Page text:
© Chris Frazer Smith

November 2021 − Bright Minds

 

 

In order to understand our essence and our very nature, as well as our relationship with work, anthropologist James Suzman has returned to the origins of humankind. Four theses from his book “Work – A History of How We Spend Our Time” inspire both thought and change.

 

 

Boredom – The Key to Creativity

For roughly 30,000 years, our ancestors lived in hunter-gatherer communities. They spent a mere 15 hours per week collecting food – what we call “work” – explains Suzman. His conclusion: humans are not, in fact, workaholics. “One thing that sets us apart from many other species is our strong desire to turn boredom into creativity”, he writes. Our ancestors most likely used the remaining time satisfying their curiosity and engaging in creative pursuits: even Newton’s, Einstein’s and Descartes’ significant discoveries can be attributed to boredom. Therefore, in order to design a new future, we will need more freedom.

 

The Economic System is Flexible

Anthropologists agree that the agricultural revolution was a major step in the evolution of humankind. Whereas hunter-gatherers were content acquiring the things that satisfied their immediate needs, the worry of “not having enough” only took hold once humans had settled down. Today, humankind is producing more than it can consume.  Suzman considers the “economy of scarcity” the greatest misconception in history – and it continues to this day. We could end this race for more by realizing that we already have enough, and we could learn to need less. Furthermore, the energy of our planet is finite. Suzman advocates for more mindfulness in the ways that we use this energy.

 

Use Energy More Wisely

Despite increasing automation, structures were built with the goal of employing – ideally – every single adult. Anthropologist David Graeber divided occupations into useful professions and “bullshit jobs”. While, according to Suzman, this kind of categorization is of course subjective, surveys show that more and more people are dissatisfied with their work. If we were all to work in “meaningful occupations” – in hospitals, schools or agriculture – each individual worker would have to work and accomplish less on average. The newfound energy thus liberated could then be used to design the future. In order to make this possible, we will have to free ourselves from wanting ever more, as well as from the traditional ideas of which jobs deserve special recognition.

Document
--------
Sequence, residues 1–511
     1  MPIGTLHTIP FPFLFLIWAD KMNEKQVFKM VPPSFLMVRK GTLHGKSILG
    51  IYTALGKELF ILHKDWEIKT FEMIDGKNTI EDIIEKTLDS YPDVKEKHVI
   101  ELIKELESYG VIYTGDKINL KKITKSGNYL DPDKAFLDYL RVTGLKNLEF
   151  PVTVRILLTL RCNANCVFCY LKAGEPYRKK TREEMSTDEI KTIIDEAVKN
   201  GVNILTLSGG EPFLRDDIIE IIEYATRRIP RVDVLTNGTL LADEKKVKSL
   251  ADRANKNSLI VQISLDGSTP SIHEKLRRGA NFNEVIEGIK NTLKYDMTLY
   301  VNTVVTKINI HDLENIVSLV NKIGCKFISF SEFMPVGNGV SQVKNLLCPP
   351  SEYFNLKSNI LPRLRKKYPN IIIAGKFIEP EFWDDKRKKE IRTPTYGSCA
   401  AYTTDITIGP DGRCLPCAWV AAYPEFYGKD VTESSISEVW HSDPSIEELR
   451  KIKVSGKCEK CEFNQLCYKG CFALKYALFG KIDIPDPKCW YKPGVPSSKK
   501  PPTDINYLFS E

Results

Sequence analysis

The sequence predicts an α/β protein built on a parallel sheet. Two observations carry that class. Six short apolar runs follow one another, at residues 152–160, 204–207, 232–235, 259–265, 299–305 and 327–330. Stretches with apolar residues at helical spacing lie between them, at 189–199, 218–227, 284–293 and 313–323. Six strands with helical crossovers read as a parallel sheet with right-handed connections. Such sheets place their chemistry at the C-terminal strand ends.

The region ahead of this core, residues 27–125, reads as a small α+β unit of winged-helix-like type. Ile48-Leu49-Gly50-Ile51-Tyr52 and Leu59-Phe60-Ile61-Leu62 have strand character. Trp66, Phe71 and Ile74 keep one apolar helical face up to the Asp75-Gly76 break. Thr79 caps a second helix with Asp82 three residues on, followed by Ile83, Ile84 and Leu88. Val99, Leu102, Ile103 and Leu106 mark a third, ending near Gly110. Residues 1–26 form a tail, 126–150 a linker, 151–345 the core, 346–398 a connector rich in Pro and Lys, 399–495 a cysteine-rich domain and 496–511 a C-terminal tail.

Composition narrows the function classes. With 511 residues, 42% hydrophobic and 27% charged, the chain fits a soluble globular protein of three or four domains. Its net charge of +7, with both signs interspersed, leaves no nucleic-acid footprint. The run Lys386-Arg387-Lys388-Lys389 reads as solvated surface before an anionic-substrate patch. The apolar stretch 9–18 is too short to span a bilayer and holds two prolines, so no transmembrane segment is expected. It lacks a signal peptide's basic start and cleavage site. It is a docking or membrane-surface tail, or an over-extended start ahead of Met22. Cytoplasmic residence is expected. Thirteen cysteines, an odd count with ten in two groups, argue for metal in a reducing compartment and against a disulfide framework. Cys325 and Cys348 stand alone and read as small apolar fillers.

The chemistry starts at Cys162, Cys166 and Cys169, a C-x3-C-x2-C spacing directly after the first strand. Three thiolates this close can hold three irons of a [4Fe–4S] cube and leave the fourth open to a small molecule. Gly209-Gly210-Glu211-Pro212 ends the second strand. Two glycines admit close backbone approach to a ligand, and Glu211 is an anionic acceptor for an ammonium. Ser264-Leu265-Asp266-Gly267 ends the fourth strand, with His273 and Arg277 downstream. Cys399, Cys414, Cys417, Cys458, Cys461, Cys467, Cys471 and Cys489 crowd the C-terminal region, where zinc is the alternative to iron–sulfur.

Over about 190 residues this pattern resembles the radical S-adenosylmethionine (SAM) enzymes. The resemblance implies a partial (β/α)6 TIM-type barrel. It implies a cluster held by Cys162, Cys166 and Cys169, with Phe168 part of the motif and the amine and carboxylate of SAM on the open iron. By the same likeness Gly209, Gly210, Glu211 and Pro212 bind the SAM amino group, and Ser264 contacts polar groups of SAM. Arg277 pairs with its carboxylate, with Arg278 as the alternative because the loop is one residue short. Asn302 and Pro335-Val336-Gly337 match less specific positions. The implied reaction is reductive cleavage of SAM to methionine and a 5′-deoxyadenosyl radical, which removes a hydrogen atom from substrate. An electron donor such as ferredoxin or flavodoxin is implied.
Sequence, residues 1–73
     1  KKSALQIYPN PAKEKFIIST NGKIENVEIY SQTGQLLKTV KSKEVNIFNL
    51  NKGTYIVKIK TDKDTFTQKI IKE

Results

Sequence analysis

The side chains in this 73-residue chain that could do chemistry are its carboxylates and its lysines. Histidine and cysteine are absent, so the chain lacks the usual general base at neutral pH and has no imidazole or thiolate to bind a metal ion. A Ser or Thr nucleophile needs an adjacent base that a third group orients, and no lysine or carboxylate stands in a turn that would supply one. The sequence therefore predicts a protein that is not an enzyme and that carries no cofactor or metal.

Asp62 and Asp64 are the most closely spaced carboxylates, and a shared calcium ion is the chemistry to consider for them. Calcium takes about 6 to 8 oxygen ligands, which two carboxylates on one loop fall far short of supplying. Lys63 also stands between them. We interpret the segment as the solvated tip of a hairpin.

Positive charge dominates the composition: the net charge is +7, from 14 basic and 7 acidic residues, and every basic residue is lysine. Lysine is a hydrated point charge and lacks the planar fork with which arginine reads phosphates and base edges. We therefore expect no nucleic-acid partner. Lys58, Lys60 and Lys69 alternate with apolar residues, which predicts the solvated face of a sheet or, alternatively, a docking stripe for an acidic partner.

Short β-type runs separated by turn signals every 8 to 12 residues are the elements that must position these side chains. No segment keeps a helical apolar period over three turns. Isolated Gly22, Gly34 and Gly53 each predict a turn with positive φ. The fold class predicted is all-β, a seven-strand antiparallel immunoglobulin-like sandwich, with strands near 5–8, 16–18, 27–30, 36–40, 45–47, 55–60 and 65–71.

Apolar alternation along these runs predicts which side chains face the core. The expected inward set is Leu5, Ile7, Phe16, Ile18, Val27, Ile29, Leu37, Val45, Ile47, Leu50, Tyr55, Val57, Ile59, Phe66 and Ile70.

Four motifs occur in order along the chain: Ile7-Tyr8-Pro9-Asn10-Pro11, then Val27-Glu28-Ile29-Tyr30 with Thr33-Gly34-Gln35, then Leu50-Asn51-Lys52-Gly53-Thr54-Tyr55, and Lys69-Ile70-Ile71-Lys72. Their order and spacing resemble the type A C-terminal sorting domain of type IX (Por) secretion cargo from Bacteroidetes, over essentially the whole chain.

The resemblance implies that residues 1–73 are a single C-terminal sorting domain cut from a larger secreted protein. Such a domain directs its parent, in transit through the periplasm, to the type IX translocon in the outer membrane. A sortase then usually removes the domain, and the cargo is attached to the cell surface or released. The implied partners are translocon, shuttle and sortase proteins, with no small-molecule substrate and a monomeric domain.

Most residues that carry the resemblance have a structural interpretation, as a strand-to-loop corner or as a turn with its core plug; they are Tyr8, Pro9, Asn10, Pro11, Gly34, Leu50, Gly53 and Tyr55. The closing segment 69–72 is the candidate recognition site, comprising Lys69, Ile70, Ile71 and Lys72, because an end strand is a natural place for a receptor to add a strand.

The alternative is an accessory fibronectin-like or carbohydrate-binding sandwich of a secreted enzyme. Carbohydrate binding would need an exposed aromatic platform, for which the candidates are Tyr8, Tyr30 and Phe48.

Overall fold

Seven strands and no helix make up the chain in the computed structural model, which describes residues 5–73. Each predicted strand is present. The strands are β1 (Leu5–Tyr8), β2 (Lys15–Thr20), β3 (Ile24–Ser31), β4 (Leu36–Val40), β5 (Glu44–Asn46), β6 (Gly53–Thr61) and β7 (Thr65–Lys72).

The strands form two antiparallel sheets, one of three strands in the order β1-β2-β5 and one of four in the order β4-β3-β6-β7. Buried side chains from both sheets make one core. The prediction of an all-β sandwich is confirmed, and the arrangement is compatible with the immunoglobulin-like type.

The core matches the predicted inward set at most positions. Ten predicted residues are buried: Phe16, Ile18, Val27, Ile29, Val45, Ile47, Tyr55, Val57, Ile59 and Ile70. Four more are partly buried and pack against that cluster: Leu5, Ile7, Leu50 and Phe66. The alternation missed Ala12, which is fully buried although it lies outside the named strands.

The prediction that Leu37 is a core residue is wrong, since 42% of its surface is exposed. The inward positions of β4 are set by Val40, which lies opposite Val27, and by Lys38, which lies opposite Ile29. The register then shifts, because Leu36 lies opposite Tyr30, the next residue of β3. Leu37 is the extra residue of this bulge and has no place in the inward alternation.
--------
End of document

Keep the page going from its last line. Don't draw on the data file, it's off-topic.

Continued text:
The Time for Change is Right Now!

History shows us how adaptable our species really is. “We are capable of quickly becoming accustomed to new, completely unfamiliar ways of thinking and acting and incorporating new habits within a short period of time”, says Suzman. The challenges posed by climate change require us to rethink and find new solutions. The pandemic, too, has created a momentum and posed questions which we had never before asked ourselves: which jobs are, in fact, “meaningful and valuable”? Why do we not reward those people the most whose work is significant? How do we want to work in the future? Suzman believes that questions such as these can become catalysts for change.

 

“We can dare to be courageous.”

Dr. Suzman, how far away are we from an identity crisis?

James Suzman: Ever since the industrial revolution, the rapidly changing nature of work has sparked identity crises; certain highly qualified professions and trades, and thus people within these communities, have been made redundant by automation. This continues to be the case today, especially since fewer and fewer people pursue a “job for life”. The pandemic allowed a large number of people to work from home. Perhaps this is a sign that in the future we may find an increased sense of community and feeling of belonging among the people with whom we live, rather than among those with whom we work.

 

What are the responsibilities of companies during this process?

There are companies that are prepared to experiment with the configuration of our working lives by introducing flexible working hours, by trying out the four-day-week or by making sure that even the lowest paid employees receive more than minimum wage. The actual driver of change, however, must have a broader base and address the economic institutions which shape our working life.

 

What could be a first step in the right direction?

Now is the time to experiment and be courageous. We have learned from the pandemic that we do, in fact, possess plenty of resources which will allow us to dare and be ambitious when it comes to experimentation. The experiment that I would like to see is a real and universal basic income – on a national level and, importantly, one that includes everyone, rich and poor. I believe this would the right way, morally – and not only in the short term. This approach would also harbor the potential to recalibrate our relationship with work and with endless economic growth.

 

 

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